ELISA Kit Development
ELISA is a common method for quantifying target proteins in samples. An ELISA kit that can detect the protein of interest, however, is not always commercially available. If no kit is available for purchase, an ELISA system needs to be developed. Fujifilm Wako offers reagents for ELISA development.
What Materials Are Needed for ELISA Kits?
If an ELISA kit for the protein of interest is not commercially available, it can be created in the laboratory. Below are the materials needed to create custom-made sandwich ELISA, the most commonly used ELISA.
1. Capture antibody
2. Detection antibody
3. Enzyme-linked antibody (if unavailable, antibody labeling kit)
5. Blocking reagent
6. Washing solution
7. Detection reagent
8. Stop solution
9. ELISA plate
Overview of Each ELISA Kit Component and Key Points for Selection
1. Capture antibody
Capture antibodies are immobilized on the ELISA plate to capture the antigen to be measured. The antibody is immobilized through the attachment of the Fc region to the ELISA plate. Monoclonal antibodies are suitable, as they specifically capture the target antigen.
2. Detection Antibody
Detection antibodies are used to detect antigens captured by the capture antibodies. Polyclonal antibodies are preferred, because of their high antigen-binding ability. It is critical that the detection antibodies bind to epitopes that are different from those recognized by the capture antibody.
When an enzyme-linked antibody is directed toward the detection antibody, the enzyme-linked antibody must not bind to the capture antibody. In principle, antibodies derived from different animal species are used for the capture and detection antibodies.
In some cases, the enzyme is directly linked to the detection antibody. However, the molecular weight of the enzyme is large, which may affect the binding ability of the antibody.
3. Enzyme-linked Antibody
By using an enzyme-linked antibody that specifically binds to the detection antibody, the enzyme necessary for color development can be introduced without compromising the binding ability of the detection antibody. In addition to antibodies, the biotin-avidin system is also available. In this system, a biotin-conjugated detection antibody is used and then reacted with an enzyme-linked avidin (or streptavidin). Many of the ELISA kits from Fujifilm Wako and Fujifilm Wako Shibayagi use a biotin-avidin system.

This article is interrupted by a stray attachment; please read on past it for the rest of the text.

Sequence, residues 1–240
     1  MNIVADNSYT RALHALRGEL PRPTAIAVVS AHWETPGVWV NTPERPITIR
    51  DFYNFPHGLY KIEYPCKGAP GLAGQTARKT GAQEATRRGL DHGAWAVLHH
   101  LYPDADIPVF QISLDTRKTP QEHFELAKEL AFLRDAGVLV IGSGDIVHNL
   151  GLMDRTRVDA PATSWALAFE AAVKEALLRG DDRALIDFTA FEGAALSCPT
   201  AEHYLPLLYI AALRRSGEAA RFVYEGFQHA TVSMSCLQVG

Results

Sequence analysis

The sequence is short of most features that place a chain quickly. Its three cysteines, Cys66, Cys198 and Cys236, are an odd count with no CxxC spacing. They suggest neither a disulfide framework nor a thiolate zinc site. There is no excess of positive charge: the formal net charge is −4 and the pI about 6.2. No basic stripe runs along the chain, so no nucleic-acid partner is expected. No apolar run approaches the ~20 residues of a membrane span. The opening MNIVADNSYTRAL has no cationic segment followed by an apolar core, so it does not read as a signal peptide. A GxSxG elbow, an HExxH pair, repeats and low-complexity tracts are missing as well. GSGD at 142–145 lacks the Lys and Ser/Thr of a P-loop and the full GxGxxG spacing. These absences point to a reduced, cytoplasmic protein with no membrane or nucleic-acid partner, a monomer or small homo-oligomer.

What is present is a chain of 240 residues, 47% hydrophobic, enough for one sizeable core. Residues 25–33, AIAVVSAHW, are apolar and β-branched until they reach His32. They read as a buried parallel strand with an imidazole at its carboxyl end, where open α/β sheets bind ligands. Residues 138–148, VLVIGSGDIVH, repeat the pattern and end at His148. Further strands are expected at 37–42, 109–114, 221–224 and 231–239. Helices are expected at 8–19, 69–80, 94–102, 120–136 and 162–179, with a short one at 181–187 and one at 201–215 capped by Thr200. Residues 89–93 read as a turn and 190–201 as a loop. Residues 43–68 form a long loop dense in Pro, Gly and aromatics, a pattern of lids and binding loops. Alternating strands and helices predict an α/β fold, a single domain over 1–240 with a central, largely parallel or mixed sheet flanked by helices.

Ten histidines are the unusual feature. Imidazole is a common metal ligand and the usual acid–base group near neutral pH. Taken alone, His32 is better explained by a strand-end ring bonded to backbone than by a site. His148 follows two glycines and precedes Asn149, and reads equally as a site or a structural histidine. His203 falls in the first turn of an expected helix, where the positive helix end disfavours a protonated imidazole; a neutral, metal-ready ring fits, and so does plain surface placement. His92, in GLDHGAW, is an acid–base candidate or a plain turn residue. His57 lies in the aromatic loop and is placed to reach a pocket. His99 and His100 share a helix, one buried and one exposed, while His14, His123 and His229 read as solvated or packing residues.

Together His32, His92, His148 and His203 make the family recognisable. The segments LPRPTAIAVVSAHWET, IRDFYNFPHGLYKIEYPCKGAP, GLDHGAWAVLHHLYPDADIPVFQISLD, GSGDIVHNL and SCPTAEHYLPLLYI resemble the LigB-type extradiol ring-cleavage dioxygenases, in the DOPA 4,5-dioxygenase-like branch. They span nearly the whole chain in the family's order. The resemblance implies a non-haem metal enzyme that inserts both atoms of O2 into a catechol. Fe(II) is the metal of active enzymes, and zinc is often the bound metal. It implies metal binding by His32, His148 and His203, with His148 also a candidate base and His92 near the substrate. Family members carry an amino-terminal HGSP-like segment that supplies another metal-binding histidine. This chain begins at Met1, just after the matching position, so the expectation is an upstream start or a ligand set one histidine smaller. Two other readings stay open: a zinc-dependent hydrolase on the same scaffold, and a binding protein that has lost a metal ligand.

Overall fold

Biotin-conjugated detection antibodies can be easily prepared; biotin can be conjugated to the amino group (-NH2) or sulfhydryl group (-SH) of the antibody by using a commercially available kit.
In ELISA, peroxidase (especially horseradish peroxidase; HRP) and alkaline phosphatase (AP) are the most common linked enzymes. HRP is more often selected than AP, because of its stability and greater number of substrates. However, HRP is inhibited by fluoride in anticoagulants and azide ion in sodium azide, a preservative, and the use of these agents should be avoided.
When quantifying a protein of interest in ELISA, a standard of known concentration (a standard protein solution) is required. The standard is diluted to a series of concentrations and each concentration is measured in the same manner as the sample. The target protein in the sample is quantified by comparing the absorbance of the sample with the absorbance values of the standard dilution series.
5. Blocking Reagent
Blocking reagents prevent detection antibodies from binding to the plate and to nonspecific proteins. Various blocking reagents are available; some are based on bovine serum albumin (BSA) or casein, and others are made from polymers. When a biotin-avidin system is used for the ELISA, skim milk, which may contain biotin, should be avoided.
6. Washing Solution
Washing solutions are used to remove samples and unreacted antibodies. PBS or PBS-T is used as a washing solution. PBS-T, which contains a detergent, is effective in removing nonspecific adsorption. The washing solution must be removed thoroughly at each step of the process, because washing solution left in the wells could cause variation in the measurement.
7. Detection Reagent
In ELISA, the amount of antigen can be indirectly determined by adding a substrate of the enzyme linked to the antibody and measuring the absorbance of the dye produced. When HRP-linked antibodies are used, tetramethylbenzidine (TMB) or o-phenylenediamine (OPD) is used as a substrate. For AP-linked antibodies, p-nitrophenyl phosphate (pNPP) is used.
Detection by chemiluminescence, instead of absorbance, provides higher detection sensitivity. Fujifilm Wako offers ELISA-Star™ Peroxidase Chemiluminescent Substrate, which is a chemiluminescent peroxidase substrate with sustained luminescence and excellent quantitative performance.
8. Stop Solution
HRP decomposes hydrogen peroxide, and the resulting reactive oxygen species oxidize the substrate, causing the color change. Sulfuric acid (1 M) is added to stop the reaction.
9. ELISA Plates
Polystyrene 96-well plates are often used for ELISA. Polystyrene tends to adsorb proteins well, and immobilization will take place by simply adding an antibody solution to the plate. Wells/plates used for ELISA must be as uniform as possible, and plates specifically for ELISA are commercially available from various manufacturers.
- “Detection and quantification tips” ed. by Moriyama, T., Yodosha, Japan, (2005). (Japanese)
- Wakabayashi, K.: “ELISA A to Z 5th edition”, FUJIFILM Wako Shibayagi Corporation, Japan, (2017). (Japanese)
- 「はじめての抗体標識プロトコル」ed. by Dojindo Laboratories. (Japanese)
For research use or further manufacturing use only. Not for use in diagnostic procedures.
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